Patterson said, "The Ute knew—they still know—the eminence of the sacred, a depth of the sacred…the birds, the trees, the snow and the rain. Nothing in that world is profane, useless; everything matters, but does the world allow us to walk so tenderly, see so deeply, know so thoroughly, while wind and sun and moon and stars go their implacable ways, have we made life into a race for more and faster, new and bigger?
"Time, which once passed as the heartbeat of the universe, slow and sure, now seems bent on racing to the end, and that which seemed durable is plowed under by progress and plans. Is this what must be? Listen: your heart is beating, and that of the person beside you, and that of your loved one on the other side of the content, and the other side of the planet. As sure as the rising sun, and the waxing and the waning of the moon, hearts beat on…this has not changed, and neither have the moments of love and honor. Everyone here has given such moments, and these moments are what we build our faith with…these heartbeats of life carry the promise. These heartbeat moments are why we journey toward wholeness. So let us take the time to hear the heartbeats within us, to hear the rhythm that is the pulse of life, and of faith…listen…remember…dream…"
Plenary Session: Remembering Sandra Mitchell Caron
Moderator Denny Davidoff then called the General Assembly's first Plenary session to order. The Chalice was lit by former Moderator Natalie Gulbrandsen, who remembered former UUA Moderator Sandra Mitchell Caron. Caron died in early June following a long illness, and had been a distinguished lay leader within Unitarian Universalism for decades. Davidoff said, "the only two people in the Association who know the anticipatory thrill, the shiver that comes when you are as Moderator about to gavel up a General Assembly, stand here before you tonight. But Natalie and I had, until a short few weeks ago, a third alumna Moderator, Sandra Mitchell Caron, who is with us on this earth no longer. And nobody loved gaveling up the General Assembly more than Sandy Caron, and we miss her tonight, and we mourn her untimely death at the age of 64.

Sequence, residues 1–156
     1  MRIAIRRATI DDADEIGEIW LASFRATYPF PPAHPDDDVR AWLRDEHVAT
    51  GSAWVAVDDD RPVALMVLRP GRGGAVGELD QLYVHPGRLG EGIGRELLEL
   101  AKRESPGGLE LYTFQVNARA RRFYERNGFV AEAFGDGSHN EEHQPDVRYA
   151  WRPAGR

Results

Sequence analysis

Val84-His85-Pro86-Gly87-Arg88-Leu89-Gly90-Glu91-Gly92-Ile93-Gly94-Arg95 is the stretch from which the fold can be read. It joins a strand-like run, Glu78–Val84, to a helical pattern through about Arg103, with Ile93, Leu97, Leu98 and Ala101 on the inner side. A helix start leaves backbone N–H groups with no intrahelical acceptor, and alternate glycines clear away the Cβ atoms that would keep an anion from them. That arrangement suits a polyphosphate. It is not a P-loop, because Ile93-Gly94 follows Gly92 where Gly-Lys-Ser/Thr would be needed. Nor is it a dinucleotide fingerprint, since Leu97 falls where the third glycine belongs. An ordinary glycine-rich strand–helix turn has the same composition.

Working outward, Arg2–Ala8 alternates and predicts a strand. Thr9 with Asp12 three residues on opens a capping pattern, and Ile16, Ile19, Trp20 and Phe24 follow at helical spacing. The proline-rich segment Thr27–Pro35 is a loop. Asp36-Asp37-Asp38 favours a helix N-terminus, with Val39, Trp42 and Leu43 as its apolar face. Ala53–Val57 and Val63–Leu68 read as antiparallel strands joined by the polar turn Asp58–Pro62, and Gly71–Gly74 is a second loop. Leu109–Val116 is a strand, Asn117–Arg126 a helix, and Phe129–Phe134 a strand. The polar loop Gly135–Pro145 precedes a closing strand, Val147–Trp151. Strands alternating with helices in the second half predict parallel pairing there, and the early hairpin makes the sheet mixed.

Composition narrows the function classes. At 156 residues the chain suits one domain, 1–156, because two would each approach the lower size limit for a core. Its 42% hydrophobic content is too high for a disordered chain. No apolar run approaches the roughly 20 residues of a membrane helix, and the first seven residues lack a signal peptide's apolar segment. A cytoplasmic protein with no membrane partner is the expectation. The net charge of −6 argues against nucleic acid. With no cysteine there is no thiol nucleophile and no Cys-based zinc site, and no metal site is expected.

"Sandy was elected Moderator in 1977. She was the first woman to be elected Moderator, she was the first Moderator who had a vision of doing the work all the time, instead of at board meetings and at General Assemblies. She was the first Moderator who had the audacity to demand a travel allowance, and like Joe Fisher before her, she was hilariously funny…I can remember sitting down there where you are, absolutely fascinated, raptly attentive, and thinking, 'could I ever do that?'
"In June of 1993," Davidoff continued, "shortly before I went to Charlotte where I was to be elected Moderator, I had dinner with Sandy in New York City. She had already gone on to being in dialysis three nights a week as well. She was getting used to that and didn't think she could come to General Assembly… She said, 'be yourself, and don't ever forget the congregations.' She never forgot the congregations." Gulbrandsen said, Sandy loved being Moderator. As President of the UU Womens' Federation, I attended all the board meetings. Sandy and I became good friends, and when her term as Moderator was ended, she became Chair of the Clara Barton Camp for Girls with Diabetes.
"There is a bond between Moderators," said Gulbrandsen, "and we knew it. The UUA, Metro New York District, and the two of us (referring to herself and Davidoff), and all of you, have lost a good friend." Davidoff asked for a moment of silent tribute and remembrance for Caron.